This opinion will be unpublished and

may not be cited except as provided by

Minn. Stat. § 480A.08, subd. 3 (1996).




Denise L. Maki,



Gilbert Dental Service PA,


Commissioner of Economic Security,


Filed August 25, 1998


Peterson, Judge

Department of Economic Security

Agency File No. 8867UC97

Peter B. Knapp, Jennifer L. Lappegaard, Certified Student Attorney, William Mitchell Law Clinic, 875 Summit Avenue, St. Paul, MN 55105 (for relator)

Mary M. Krakow, Fredrikson & Byron, P.A., 1100 International Centre, 900 Second Avenue South, Minneapolis, MN 55402 (for respondent Gilbert Dental Service P.A.)

Kent E. Todd, Minnesota Department of Economic Security, 390 North Robert Street, St. Paul, MN 55101 (for respondent Commissioner of Economic Security)

Considered and decided by Shumaker, Presiding Judge, Davies, Judge, and Peterson, Judge.



Denise Maki appeals from the denial of reemployment insurance benefits, claiming that her actions did not constitute misconduct. We reverse.


Relator Denise Maki worked as a dental assistant for respondent Gilbert Dental Service P.A. from June 1987 to September 30, 1997. Gilbert Dental has offices in Gilbert and in Virginia. From 1994 until her termination, Maki worked at the Virginia office every Wednesday and at the Gilbert office the rest of the week.

When the receptionist at each office took a lunch break, other staff members were required to cover the receptionist's desk. Maki had not been asked to work at the receptionist's desk at either office until Wednesday, September 3, 1997, when Dr. Mark Erickson, one of the dentists at the clinic, told her that she would have to cover for the receptionist in the Virginia office on Wednesdays. Maki did not cover the receptionist desk on September 3, because she had prior lunch plans, but she obtained approval from Erickson before leaving for lunch.

On Wednesday, September 10, the receptionist's desk did not need to be covered because the clinic staff attended a seminar away from the office. On Wednesday, September 17, Maki worked at the receptionist's desk. On September 24, Maki did not work because she had called in sick.

On Tuesday, September 30, Maki told Dr. Kenneth Holbeck, one of the dentists at the clinic, that she didn't have a ride to work the next day (Wednesday, October 1) and that she had arranged for another assistant to work for her. Holbeck and Maki then discussed several transportation options, which included Holbeck's offer to drive Maki to work and Maki taking a day off without pay. Holbeck told Maki that he would discuss the situation with Dr. Erickson. At the end of the workday, Holbeck told Maki that she could not set the work schedule and that she would either have to work in Virginia on Wednesdays or resign. Maki refused to resign, and Holbeck told her not to come back to work. Maki testified that she thought that Holbeck was going to get back to her regarding the options they had discussed earlier in the day and had no idea that she might be fired. Maki provided a statement to the Commissioner that switching assignments with coworkers was "standard procedure," and this statement was not challenged.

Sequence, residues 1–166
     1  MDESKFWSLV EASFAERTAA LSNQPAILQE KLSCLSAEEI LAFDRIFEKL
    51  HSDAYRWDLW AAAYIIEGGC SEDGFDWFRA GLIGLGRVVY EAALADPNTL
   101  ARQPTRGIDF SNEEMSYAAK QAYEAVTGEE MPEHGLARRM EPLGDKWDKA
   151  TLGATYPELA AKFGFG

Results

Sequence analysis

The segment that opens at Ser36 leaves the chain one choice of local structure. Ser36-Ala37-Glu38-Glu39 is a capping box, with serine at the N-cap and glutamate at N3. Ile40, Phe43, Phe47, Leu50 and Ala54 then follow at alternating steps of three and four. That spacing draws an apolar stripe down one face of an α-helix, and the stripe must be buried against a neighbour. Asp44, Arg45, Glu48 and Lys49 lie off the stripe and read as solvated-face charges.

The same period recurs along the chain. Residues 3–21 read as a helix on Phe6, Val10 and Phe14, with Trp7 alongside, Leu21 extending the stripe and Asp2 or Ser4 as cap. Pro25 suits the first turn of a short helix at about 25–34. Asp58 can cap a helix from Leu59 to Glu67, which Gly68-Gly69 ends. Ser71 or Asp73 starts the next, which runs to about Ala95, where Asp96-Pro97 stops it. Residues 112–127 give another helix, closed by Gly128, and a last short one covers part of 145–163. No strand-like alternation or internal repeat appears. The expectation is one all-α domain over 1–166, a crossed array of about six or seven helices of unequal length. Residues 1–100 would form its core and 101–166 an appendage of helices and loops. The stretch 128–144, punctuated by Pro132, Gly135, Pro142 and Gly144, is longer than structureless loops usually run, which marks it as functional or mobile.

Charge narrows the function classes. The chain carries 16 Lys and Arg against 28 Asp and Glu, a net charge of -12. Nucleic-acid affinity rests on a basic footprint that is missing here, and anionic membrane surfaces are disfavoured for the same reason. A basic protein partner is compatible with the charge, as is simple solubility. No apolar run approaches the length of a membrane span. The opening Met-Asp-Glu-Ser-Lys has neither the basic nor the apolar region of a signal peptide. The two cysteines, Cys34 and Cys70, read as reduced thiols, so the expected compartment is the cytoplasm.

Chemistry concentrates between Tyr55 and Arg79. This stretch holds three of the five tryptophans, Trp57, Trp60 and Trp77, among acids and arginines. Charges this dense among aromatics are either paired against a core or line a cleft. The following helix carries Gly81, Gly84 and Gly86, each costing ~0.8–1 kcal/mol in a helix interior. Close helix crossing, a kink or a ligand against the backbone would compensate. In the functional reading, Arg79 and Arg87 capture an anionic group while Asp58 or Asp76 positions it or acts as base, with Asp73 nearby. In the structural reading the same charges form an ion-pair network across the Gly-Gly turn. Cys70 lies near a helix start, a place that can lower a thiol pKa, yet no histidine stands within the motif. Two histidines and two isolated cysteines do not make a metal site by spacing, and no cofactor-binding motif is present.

The evidence in the record includes Holbeck's two handwritten entries in an employee progress record from September 30, 1997. The first entry states that Maki told Holbeck that she did not want to work in Virginia and that she first claimed to have transportation problems, but then said she did not like working in Virginia and wanted to work in Gilbert instead. At the hearing, Maki denied saying that she did not want to work in Virginia.

Maki was denied reemployment insurance benefits, and she appealed. After a hearing, a reemployment insurance judge found that Maki was discharged from employment because of misconduct that interfered with and adversely affected her employment. The commissioner's representative affirmed the reemployment insurance judge's decision, finding that Maki

in effect, was refusing to perform her duties to work on Wednesdays at the Virginia Office and to relieve the receptionist for lunch.